While the content of disclosure documents should remain the same, the role of the key facts sheet should be reconsidered and potentially retired.
|All franchise agreements should give franchisees a reasonable opportunity to make a return on investment
|This recommendation follows the introduction of clause 46B of the Code which is currently specific to new vehicle dealership agreements and requires such agreements to provide franchisees with a ‘reasonable opportunity to make a return on investment.’
Franchising is akin to a form of capital raising and extending clause 46B of the Code to apply to all franchise agreements would assist to overcome the relatively short term nature of franchise agreements which do not usually allow franchisees to accumulate a capital return through realisation of goodwill.
|All franchise agreements should include provision for compensation in the event of early termination
|If a franchisee’s reasonable opportunity to make a return on investment is cut short, then it follows that they should be compensated by the franchisor.
As such, it is recommended that clause 46A of the Code which is currently applicable to new vehicle dealership agreements be extended to apply to all franchise agreements. This clause currently prohibits a franchisor from entering into a new vehicle dealership agreement unless it contains a compensation mechanism for franchisees in certain circumstances of early termination of an agreement.
|Enhanced promotion of the FDR is required. Additional information relating to dispute resolution and adverse actions brought by enforcement agencies should also be included on the FDR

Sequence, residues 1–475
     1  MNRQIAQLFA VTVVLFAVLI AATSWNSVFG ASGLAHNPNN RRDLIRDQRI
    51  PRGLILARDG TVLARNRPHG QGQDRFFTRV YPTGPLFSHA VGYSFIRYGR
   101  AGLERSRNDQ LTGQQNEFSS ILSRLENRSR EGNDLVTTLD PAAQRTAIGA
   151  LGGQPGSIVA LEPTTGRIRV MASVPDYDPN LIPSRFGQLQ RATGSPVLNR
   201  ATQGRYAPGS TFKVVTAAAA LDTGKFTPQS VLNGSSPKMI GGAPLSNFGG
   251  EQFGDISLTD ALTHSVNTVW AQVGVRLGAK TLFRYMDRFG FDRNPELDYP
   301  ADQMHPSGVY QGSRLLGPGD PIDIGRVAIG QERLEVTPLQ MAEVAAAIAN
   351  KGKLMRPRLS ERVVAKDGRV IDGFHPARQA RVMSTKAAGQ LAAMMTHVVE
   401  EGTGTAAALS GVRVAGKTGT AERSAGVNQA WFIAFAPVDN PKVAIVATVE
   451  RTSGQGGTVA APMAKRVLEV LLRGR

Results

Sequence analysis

|The purpose of the FDR is to assist prospective franchisees to conduct due diligence and compare franchise opportunities, but there is poor awareness of the FDR amongst prospective franchisees.
It is recommended that the FDR in its current form be retained, but that further resources be put into promoting it.
It is also recommended that the FDR be utilised to identify whether franchise systems offer binding voluntarily arbitration and are or have been the subject of certain sanctions or court actions over the past five years.
|Further work should be done to limit the use of unreasonable restraints of trade in franchise agreements
|There are concerns that restraints in a franchising context are onerous and unduly limiting franchisee opportunities at the end of a franchise relationship.
It is recommended that the current Australian Government Competition Review examine restraints of trade and other uncompetitive terms in franchise agreements. The ACCC should also publish guidance on when a restraint in a franchise agreement may be unfair.
|Government agencies should work together to develop best practice guidance and education and provide a consolidated online resource for the sector